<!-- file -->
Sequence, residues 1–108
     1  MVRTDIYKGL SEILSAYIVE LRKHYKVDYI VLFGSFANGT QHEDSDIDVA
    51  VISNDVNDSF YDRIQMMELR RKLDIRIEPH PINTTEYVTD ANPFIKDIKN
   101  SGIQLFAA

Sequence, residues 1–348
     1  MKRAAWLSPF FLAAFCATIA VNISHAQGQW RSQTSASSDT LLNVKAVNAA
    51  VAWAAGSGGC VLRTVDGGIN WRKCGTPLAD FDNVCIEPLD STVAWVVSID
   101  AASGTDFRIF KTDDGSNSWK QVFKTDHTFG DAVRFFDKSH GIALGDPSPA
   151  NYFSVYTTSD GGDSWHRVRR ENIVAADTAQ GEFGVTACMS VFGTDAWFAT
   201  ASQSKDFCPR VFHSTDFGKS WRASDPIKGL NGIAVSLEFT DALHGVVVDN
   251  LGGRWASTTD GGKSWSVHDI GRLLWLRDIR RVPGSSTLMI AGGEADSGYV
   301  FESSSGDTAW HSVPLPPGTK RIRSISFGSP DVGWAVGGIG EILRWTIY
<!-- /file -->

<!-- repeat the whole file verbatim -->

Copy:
Sequence, residues 1–108
     1  MVRTDIYKGL SEILSAYIVE LRKHYKVDYI VLFGSFANGT QHEDSDIDVA
    51  VISNDVNDSF YDRIQMMELR RKLDIRIEPH PINTTEYVTD ANPFIKDIKN
   101  SGIQLFAA

Sequence, residues 1–348
     1  MKRAAWLSPF FLAAFCATIA VNISHAQGQW RSQTSASSDT LLNVKAVNAA
    51  VAWAAGSGGC VLRTVDGGIN WRKCGTPLAD FDNVCIEPLD STVAWVVSID
   101  AASGTDFRIF KTDDGSNSWK QVFKTDHTFG DAVRFFDKSH GIALGDPSPA
   151  NYFSVYTTSD GGDSWHRVRR ENIVAADTAQ GEFGVTACMS VFGTDAWFAT
   201  ASQSKDFCPR VFHSTDFGKS WRASDPIKGL NGIAVSLEFT DALHGVVVDN
   251  LGGRWASTTD GGKSWSVHDI GRLLWLRDIR RVPGSSTLMI AGGEADSGYV
   301  FESSSGDTAW HSVPLPPGTK RIRSISFGSP DVGWAVGGIG EILRWTIY